"At that time, I thought it was screwed up," said Teddy Riner, in search of a third Olympic coronation in Tokyo, in an interview with AFP at the end of June, after the presentation to the press of a documentary from France Télévisions showing his left knee injury five months before the Olympics.
Riner, whose documentary which follows his long-term Olympic preparation will be broadcast on Thursday, suffered a tear in his posterior cruciate ligament at the end of February during an internship in Morocco and had to wear a tailor-made brace for two months.
A serious injury that had not been made public until then.
But the ten-time world champion in judo is reassuring: "Of course, from time to time, (my knee) hurts, but that does not prevent me from training, to go after myself ".
Q: What went through your head as you hurt yourself?
A: "At that point, I thought I had my cruciate (ligaments) done ... I thought I was going to take seven months and it was screwed up. It's going so fast, I say to myself fucking this is serious, it hurts, it hurts, it hurts. Then I say to myself, no, you must not tell you that, Teddy, think positive. I hold my knee. force to step on it, I get back on the mat. And then, I stop. I do a first exam and they tell me it's nothing, it's a small cyst. I tell myself it's okay. And when I come home in France, I take exams again and I am told, no. There, the thing I ask is how long? That's what I want to know: how long? It's a race against time . "
Q: And what answer do we give you?
A: "People start telling me two, three months. I say no, it is not possible. I am counting on one thing: my whole career, every time I have had injuries, when I am told four weeks, usually in two weeks I'm healed. There I talk to my knee, I talk to myself, I tell myself if we can optimize, I will heal. I do it right, I start to freeze , to take anti-inflammatories, to wear my bionic man's brace all the time, even if it's boring. It was tailor-made, with laser measurements. It prevented me from using my knee, it pushed him to stick back together. I even kept it in the water. I do everything right, that's how I managed to come back faster. After, yes, there are still pains, yes, it's complicated,but that doesn't stop me from doing judo and that's what you have to remember. "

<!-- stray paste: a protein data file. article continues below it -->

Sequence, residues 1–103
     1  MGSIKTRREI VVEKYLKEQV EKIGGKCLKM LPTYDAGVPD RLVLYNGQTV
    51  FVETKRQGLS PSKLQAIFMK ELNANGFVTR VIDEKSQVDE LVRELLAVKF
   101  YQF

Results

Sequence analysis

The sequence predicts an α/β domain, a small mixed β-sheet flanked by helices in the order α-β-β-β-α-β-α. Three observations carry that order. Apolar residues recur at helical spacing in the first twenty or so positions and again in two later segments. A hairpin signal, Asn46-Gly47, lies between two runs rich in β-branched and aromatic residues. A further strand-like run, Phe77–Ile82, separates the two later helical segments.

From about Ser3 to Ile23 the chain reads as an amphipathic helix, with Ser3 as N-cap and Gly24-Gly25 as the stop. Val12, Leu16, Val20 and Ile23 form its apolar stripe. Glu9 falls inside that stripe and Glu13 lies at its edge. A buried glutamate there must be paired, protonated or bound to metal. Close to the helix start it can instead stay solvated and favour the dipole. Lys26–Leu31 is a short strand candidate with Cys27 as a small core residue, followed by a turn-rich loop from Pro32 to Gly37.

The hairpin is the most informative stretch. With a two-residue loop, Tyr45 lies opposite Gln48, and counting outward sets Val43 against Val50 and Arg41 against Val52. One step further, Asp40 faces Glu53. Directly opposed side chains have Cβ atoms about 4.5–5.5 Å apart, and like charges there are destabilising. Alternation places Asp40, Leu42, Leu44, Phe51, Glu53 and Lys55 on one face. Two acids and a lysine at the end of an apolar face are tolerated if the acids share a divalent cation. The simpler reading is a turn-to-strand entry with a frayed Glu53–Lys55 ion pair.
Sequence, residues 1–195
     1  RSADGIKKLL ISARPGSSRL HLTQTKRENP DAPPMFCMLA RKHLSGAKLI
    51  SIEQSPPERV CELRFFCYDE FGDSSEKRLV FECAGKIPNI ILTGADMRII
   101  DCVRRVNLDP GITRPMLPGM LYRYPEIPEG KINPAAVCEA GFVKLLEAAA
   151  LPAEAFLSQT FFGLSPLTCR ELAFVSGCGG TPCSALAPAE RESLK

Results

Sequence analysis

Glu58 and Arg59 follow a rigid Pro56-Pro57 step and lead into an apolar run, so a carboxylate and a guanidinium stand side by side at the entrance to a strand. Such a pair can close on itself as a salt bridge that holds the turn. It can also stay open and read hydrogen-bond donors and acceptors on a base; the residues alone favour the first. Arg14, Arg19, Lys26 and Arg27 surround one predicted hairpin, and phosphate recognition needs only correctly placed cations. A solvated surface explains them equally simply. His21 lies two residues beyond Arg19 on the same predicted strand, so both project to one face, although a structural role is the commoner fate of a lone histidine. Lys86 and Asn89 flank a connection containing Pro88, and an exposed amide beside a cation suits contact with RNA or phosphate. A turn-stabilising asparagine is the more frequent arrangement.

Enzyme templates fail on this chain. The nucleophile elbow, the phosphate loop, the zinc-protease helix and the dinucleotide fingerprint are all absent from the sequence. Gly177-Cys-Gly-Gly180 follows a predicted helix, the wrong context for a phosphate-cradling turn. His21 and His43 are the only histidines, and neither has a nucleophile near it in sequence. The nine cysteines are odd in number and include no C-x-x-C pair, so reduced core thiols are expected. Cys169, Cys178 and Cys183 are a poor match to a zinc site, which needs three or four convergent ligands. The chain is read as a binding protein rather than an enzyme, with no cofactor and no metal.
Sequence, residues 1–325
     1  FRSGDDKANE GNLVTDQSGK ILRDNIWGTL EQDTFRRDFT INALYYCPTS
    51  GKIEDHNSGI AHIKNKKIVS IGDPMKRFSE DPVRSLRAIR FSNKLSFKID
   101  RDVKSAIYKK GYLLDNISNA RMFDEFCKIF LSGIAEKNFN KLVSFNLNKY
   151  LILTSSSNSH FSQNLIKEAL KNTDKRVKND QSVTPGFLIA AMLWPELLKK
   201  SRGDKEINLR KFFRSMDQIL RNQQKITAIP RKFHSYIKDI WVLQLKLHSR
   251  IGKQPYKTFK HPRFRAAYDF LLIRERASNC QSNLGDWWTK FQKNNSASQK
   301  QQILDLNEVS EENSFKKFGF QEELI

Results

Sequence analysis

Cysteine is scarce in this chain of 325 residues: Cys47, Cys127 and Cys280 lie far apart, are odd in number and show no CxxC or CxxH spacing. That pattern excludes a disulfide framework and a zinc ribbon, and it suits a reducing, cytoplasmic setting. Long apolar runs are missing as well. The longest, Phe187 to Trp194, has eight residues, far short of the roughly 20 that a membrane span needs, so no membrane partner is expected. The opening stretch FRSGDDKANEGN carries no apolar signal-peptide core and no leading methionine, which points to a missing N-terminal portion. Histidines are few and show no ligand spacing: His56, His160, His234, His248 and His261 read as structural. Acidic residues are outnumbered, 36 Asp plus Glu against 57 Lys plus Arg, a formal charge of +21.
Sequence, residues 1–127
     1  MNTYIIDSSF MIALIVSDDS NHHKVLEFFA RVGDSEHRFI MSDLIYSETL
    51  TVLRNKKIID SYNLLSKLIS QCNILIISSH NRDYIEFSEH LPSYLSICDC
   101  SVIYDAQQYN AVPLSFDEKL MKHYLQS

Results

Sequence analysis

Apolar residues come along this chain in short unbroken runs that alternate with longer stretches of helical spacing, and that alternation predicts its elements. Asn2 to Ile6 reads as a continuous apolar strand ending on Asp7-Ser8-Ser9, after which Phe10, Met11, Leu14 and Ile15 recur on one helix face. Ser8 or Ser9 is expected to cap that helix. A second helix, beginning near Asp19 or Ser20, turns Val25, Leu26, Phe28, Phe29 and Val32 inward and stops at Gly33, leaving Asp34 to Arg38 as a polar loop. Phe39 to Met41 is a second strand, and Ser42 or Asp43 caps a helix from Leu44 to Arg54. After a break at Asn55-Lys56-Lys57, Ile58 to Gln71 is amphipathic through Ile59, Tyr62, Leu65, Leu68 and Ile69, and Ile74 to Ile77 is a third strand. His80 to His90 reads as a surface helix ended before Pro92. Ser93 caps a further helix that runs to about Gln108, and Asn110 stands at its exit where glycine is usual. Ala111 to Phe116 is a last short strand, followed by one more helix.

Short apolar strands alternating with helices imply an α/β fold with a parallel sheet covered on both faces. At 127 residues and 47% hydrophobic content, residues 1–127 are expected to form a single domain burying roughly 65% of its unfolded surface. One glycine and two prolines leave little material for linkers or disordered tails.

Q: How long were you deprived of judo?
A: "For two good months, I couldn't do judo."
Q: You made the choice to go to Guadeloupe during this period ...
A: "It was gray at that time in Paris, and to see the guys training in front of you while you, you are in rehabilitation, I said no. You might as well go to recharge your batteries, change air, see the family and to train differently. It was beneficial, it made me feel good, to refocus a little on myself. Because it's boring an injury, it's really boring. And me, I I'm able to go all at once on the mat. So to channel myself, it was better too. "
Q: Have you taken any exams since you removed your brace at the end of April?
A: "I went back to it. It consolidated, it went faster (than expected)."
Q: You describe the condition of your knee as stable.
What does it mean ?
A: "Of course, from time to time my knee hurts, but that doesn't stop me from training, it doesn't stop me from going after myself. cool, that's the silver lining, clearly. "
Q: How frustrating was this injury after your convincing return to Doha in January?
A: "I was fine (in Doha). And you fall back, you have to put everything back together. Fortunately today, it's done and I feel good, but it's boring."
Q: Will you have to consider surgery after the Tokyo Games?
Especially from the perspective of those in Paris?
A: "No. It's not a ligament that's important, so we just leave it like that."
Q: How would you qualify this very special Olympic preparation since your return to training at the end of 2018?
A: "Horrible, horrible. It's very hard to live all that. We were constantly in the unknown whether these Games were going to be held, if I was going to be able to go there with the injury. Endless twists and turns. Loose, high, medium, it's been two very tiring years. "
Interview by Elodie SOINARD.
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